The gap between what he needs and what his insurance will cover has been played out around the country. Many insurance companies increasingly have questioned the need for long-term residential treatment programs and balked at paying the high costs for them.

Seven years ago, with his parents footing the bill, Bixler spent several months at a treatment center in Wisconsin. Even though his weight climbed from 92 pounds to 120, he considered it a prison. When his parents' money ran out, he left and immediately relapsed.

anorexia-Bryan Bixler

Last fall, Bixler returned to the Wisconsin center but stayed only six days. Assigned to a psychiatric unit, he refused treatment, and his parents told him they could no longer afford the bill.

Since then, Bixler insists, he's seen the light and would stay in a long-term treatment program as long as it took. The only other option, he says, is death. "Obviously, my way is not working."

Neither is the limited psychological or psychiatric care he can get through Medi-Cal, says Terry Schwartz, medical director at an eating disorders program at UC San Diego. She supervised a recent psychiatric exam of Bixler, which he requested in the hope that it would bolster a claim he's made with the state for increased Medi-Cal coverage. The claim is pending.

Bixler isn't at an acute stage, Schwartz says, but his laboratory results and weight put him at "high risk" of dying from anorexia. American Psychiatric Assn. guidelines alone, she says, put him in the category of someone who needs either inpatient or residential care.

What he needs is a coordinated program that would run the gamut of medical, psychological, psychiatric, nutritional and dietary treatment. Bixler would be most vulnerable, she says, to sudden cardiac death or an inability to fight off an infection because of his depleted white blood cell count.

While convinced it's nowhere near what he needs, Bixler still avails himself of the counseling services offered through the county and Medi-Cal. If nothing else, he reasons, it'll perhaps send a signal that he's trying to play ball.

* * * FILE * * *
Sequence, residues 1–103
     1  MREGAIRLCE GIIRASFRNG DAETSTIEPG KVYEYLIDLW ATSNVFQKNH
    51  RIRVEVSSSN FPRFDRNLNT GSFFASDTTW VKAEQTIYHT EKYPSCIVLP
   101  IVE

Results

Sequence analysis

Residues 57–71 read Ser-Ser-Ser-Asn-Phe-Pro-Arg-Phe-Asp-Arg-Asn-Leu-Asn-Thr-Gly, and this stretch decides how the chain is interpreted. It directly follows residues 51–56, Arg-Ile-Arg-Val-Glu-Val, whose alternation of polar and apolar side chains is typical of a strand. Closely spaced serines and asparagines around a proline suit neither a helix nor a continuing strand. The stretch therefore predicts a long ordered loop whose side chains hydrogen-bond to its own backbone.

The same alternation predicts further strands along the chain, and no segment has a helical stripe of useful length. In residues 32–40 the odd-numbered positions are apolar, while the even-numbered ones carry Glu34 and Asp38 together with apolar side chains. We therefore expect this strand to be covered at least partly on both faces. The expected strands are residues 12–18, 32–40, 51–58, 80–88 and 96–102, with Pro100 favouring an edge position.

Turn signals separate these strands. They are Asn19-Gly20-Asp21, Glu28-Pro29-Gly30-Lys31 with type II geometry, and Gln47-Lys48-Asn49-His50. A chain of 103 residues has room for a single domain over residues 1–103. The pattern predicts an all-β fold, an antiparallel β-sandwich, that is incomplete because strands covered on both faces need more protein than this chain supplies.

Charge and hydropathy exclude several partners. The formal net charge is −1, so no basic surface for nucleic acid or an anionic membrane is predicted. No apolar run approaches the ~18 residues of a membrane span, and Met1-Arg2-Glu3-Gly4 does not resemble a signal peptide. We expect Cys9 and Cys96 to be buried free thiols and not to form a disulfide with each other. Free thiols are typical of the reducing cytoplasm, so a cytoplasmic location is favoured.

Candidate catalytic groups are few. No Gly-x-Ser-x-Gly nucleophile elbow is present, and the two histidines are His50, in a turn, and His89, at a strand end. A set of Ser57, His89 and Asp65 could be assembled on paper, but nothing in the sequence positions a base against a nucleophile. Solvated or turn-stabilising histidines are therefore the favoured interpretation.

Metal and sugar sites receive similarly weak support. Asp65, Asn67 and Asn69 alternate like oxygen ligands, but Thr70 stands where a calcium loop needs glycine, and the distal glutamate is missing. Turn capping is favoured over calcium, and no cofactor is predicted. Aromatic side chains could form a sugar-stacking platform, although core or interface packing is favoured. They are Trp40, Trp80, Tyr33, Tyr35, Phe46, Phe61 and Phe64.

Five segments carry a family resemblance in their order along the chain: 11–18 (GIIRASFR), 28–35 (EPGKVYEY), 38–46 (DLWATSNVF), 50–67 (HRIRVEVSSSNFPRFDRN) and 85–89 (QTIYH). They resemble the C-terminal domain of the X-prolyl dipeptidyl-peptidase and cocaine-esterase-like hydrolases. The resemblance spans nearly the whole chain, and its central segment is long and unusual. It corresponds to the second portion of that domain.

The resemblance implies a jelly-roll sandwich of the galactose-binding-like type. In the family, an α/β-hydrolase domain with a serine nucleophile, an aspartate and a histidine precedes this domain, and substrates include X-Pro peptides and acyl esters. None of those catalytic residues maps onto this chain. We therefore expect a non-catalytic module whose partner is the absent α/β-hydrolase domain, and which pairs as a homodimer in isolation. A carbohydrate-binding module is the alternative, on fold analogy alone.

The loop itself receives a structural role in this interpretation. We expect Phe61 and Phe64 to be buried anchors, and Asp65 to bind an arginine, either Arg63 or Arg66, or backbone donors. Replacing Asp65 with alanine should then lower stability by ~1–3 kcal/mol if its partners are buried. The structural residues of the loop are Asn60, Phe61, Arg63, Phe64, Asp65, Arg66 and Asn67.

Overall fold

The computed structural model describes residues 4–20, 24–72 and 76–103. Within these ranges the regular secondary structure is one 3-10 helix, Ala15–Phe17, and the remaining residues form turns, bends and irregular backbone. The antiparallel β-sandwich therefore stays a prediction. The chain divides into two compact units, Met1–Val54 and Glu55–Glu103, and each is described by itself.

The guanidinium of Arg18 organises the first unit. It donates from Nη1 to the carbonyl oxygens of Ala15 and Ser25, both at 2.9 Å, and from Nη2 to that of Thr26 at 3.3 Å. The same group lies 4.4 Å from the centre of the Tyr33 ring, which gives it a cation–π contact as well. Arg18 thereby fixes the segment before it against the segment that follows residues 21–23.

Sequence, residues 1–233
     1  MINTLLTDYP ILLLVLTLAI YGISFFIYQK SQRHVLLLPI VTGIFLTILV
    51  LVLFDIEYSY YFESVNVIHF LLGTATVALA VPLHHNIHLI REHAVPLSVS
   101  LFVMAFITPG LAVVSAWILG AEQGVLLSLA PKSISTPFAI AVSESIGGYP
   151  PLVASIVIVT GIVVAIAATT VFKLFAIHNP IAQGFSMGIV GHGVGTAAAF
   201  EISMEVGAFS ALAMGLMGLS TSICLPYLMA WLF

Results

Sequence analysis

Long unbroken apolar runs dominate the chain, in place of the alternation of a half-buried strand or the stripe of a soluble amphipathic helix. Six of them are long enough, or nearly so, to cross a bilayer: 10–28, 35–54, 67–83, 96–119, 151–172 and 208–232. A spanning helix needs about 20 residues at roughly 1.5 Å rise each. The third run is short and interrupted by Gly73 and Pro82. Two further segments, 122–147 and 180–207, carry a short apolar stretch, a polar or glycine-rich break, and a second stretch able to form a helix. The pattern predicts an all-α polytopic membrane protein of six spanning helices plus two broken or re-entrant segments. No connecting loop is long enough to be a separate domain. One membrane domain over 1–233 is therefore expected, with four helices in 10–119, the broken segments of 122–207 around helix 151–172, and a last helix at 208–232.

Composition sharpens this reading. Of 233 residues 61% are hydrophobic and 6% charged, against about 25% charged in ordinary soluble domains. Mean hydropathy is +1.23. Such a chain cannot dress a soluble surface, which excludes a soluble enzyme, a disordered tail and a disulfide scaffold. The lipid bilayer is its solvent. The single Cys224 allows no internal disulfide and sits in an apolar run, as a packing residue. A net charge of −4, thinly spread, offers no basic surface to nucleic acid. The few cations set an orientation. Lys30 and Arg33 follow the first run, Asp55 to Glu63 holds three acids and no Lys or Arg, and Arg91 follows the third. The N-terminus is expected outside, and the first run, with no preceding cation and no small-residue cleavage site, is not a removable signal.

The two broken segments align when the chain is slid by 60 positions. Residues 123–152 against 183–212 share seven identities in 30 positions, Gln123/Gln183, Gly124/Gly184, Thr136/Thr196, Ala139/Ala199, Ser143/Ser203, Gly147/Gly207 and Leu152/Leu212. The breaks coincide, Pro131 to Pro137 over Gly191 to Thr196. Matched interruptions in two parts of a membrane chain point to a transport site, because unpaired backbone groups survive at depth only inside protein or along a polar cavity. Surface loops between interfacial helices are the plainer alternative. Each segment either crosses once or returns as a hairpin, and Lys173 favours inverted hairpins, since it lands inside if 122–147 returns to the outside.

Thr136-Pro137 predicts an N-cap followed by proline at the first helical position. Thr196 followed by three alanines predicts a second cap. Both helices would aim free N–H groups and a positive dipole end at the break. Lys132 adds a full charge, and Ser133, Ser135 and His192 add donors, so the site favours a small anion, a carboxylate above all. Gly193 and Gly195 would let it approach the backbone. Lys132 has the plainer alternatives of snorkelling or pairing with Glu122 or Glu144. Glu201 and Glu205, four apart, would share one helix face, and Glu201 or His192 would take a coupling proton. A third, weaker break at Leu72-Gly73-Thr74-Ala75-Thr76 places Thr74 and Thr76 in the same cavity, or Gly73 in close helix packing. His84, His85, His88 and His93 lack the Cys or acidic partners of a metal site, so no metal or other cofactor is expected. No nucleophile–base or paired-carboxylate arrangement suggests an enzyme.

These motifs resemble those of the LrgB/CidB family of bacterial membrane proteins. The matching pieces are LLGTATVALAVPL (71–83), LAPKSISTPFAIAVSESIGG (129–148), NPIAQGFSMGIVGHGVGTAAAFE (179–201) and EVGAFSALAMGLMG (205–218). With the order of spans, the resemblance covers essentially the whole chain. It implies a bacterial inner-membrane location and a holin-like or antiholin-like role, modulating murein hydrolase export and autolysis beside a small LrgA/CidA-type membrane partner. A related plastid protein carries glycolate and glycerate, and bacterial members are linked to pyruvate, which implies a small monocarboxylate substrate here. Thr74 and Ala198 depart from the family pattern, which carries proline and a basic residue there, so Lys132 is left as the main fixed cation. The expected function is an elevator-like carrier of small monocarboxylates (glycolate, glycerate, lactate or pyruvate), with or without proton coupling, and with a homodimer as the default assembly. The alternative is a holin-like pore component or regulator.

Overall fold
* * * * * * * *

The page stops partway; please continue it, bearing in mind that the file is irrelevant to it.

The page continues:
On his more charitable days, Bixler tries to avoid recriminations.

anorexia-Bryan Bixler

"I'm not blaming anybody," he says, "not Kaiser, not the county. I try not to blame myself, because of course I feel like I caused it. For me, it's the anger, the sadness that a life doesn't mean anything unless you have money."

In his 20s, before he fully grasped what was happening to him, Bixler saw a future for himself. With degrees from UC San Diego and the University of Georgia, Bixler wanted to work in the education department of zoos or aquariums. Instead, the eating disorder overtook him, and after short stints at two zoos and teaching while a graduate student, he went on full-time disability nine years ago.

He subsists on Social Security and lives in a studio apartment with a view of the Pacific Ocean, the beneficiary of cheap rent because his parents own the building.

He typically sleeps until late morning and stays up late. His sister, Kimberly Leeds, thinks that's so he can avoid normal social contacts and justify living his life mostly in the night.

anorexia-Bryan Bixler
Bixler has always been close to his sister, Kimberly
She's the one who pulled his shirt over his head about 15 years ago and made him look at his rib cage. "Look at yourself," she said. "How can you think you're OK?"

anorexia-Bryan Bixler Bixler is growing weaker by the day

Even though she understands the disorder, her brother's eating habits both cause her to marvel and madden her.

"He will not eat any dairy, but he eats frozen yogurt all the time," she says. "He won't eat certain lettuce because it gets caught in his teeth, but he will eat iceberg lettuce. He'll eat popcorn all night long but won't eat roast beef because it sticks in his teeth."
anorexia-Bryan Bixler Bixler, his nephews, his sister and her husband, Clay, say grace

If they go out to eat, she says, "He can't order something off the menu. There are about five or six statements that have to go along with it." Forget rice or beans, if that comes with the entree. He has to have shredded lettuce and cilantro on the side. He will eat vegetables and protein foods, but carbohydrates are a non-starter, she says.

Leeds may be frustrated, but she hasn't given up on her brother. To the contrary, she's joined him in his fight to get more extensive care.

Their parents, she says, have been dealing with the situation for half of Bryan's life and it is wearying.

"Mother feels like she's done everything. She's mentally, physically and emotionally exhausted," Leeds says. "Her life has been dedicated to him for the last 20 years."

All of which Bixler knows and which makes him sigh.

His father tells him he's not trying hard enough. What's so hard about fixing a bowl of oatmeal and eating it? They have shelled out the money before and might again, but the failing economy has hurt their finances.

"They blame me, their blame reinforces my own self-blame," he says. "I'm my own worst critic. I look in the mirror at night, saying I'm insane. What's wrong with me?"

He knows the answer, of course: a disorder with numerous dark corners that enveloped and then overwhelmed him.

anorexia-Bryan Bixler
Bixler reads to his nephews, Jeremy and Elliott Leeds, at his sister's home

"I can't understand why I can't do what a 6-year-old can do -- feed myself." "


Audio slideshow:,0,848624.htmlstory